Mindfulness

Man’s Search for Meaning (Pt.2)

“Everything can be taken from a man but one thing: the last of human freedoms – to choose one’s attitude in any given set of circumstances, to choose one’s own way.”

———————————————

This quote from Viktor Frankl has inspired millions since its publication in Man’s Search for Meaning seventy years ago this year.

Given Frankl’s influence in helping others emerge from the darkest nights of the soul; however, it’s interesting to note that, during his three years as a prisoner in Nazi concentration camps, Frankl drew strength from a quote himself.

 

He who has a why to live can bear almost any how.

– Nietzsche

 

I was reminded of these words recently in Charleston, South Carolina when I met a woman who is a direct decedent of Gullah slaves. After listening to her belt out a gospel hymn her ancestors would sing on the fields – here’s a clip – she told me they had to keep a song in their hearts just to get through the day.

I believe our “why to live” is also the song of our heart.

The problem, however, is that we keep searching for it in places where it can’t be found. This is what makes Man’s Search for Meaning such a relevant book for our time and, indeed, for all time.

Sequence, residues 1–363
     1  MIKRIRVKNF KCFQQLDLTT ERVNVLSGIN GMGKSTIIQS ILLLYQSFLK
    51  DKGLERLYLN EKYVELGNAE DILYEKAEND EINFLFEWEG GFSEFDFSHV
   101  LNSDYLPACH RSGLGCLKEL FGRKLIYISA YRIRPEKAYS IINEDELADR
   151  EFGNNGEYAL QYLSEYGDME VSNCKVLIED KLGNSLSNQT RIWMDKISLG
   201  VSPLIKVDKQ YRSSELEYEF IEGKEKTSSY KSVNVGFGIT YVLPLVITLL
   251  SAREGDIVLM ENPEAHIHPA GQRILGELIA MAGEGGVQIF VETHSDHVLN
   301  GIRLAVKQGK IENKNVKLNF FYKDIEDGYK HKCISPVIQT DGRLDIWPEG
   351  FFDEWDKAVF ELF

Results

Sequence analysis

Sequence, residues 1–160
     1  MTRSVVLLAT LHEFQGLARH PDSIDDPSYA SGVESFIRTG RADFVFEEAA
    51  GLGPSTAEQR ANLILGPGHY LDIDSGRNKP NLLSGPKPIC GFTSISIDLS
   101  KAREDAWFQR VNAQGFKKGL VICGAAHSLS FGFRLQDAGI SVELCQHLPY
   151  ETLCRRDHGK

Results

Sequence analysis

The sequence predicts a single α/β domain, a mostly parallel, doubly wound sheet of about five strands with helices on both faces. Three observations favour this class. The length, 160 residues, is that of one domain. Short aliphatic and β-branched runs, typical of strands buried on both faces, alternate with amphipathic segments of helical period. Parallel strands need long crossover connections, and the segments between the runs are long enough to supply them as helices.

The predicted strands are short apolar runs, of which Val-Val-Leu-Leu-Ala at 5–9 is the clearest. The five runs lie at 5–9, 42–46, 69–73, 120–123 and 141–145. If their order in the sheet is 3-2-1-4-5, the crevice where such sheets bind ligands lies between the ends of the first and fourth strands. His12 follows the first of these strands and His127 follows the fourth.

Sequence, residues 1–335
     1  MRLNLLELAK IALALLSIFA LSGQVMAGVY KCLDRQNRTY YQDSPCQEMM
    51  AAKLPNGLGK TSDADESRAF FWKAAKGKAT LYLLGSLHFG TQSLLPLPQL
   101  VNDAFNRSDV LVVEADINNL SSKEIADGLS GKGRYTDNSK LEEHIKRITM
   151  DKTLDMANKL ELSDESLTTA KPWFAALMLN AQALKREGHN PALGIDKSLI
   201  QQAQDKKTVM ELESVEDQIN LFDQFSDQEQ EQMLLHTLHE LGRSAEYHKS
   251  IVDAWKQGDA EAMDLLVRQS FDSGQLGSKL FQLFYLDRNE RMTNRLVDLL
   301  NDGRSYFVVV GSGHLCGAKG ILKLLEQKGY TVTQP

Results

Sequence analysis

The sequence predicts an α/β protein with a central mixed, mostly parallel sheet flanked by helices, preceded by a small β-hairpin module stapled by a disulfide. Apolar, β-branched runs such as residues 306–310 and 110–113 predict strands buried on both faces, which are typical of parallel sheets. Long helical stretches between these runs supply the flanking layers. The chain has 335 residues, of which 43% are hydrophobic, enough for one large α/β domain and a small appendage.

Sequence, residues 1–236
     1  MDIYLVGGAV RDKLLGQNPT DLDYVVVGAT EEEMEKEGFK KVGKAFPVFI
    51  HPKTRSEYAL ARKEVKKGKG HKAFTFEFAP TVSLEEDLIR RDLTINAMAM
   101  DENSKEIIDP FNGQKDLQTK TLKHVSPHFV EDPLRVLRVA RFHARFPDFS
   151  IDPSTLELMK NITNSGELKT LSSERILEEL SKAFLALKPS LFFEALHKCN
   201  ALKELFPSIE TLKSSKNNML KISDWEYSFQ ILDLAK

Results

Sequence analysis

Yes, it serves as a vital eye-witness to history, but it’s so much more than that.

When Frankl says “everything can be taken from a man but one thing” – you believe him. Frankl lost his parents, his wife, his unborn child, his work, his body, and his freedom – and yet he discovered (for all of us) that, even within a soul that has been ripped open, the song of the heart remains.

In other words, love remains.

According to Frankl there are two branches to this love, the first being love of another. Frankl learned this lesson most vividly while marching to a work site in the middle of winter and trying to distract himself from his own cruel and miserable condition.

In one of the more moving passages of the book, Frankl discovered that he was able to escape his physical circumstances – again, leaning on the spiritual freedom of the inner life – simply by thinking about his wife.

 

A thought transfixed me: for the first time in my life I saw the truth as it is set into song by so many poets, proclaimed as the final wisdom by so many thinkers. The truth—that love is the ultimate and the highest goal to which man can aspire. Then I grasped the meaning of the greatest secret that human poetry and human thought and belief have to impart: The salvation of man is through love and in love. I understood how a man who has nothing left in this world still may know bliss, be it only for a brief moment, in the contemplation of his beloved.

 

At the time Frankl didn’t know that his wife was gone, but years later, as he was reflecting on this experience, he stated that it wouldn’t have mattered. The love that remained was the why to live that enabled him to bear the how, proving once and for all that the love of another – any other – is what allows us to remain whole, even when everything else is broken.

ADVERTISEMENT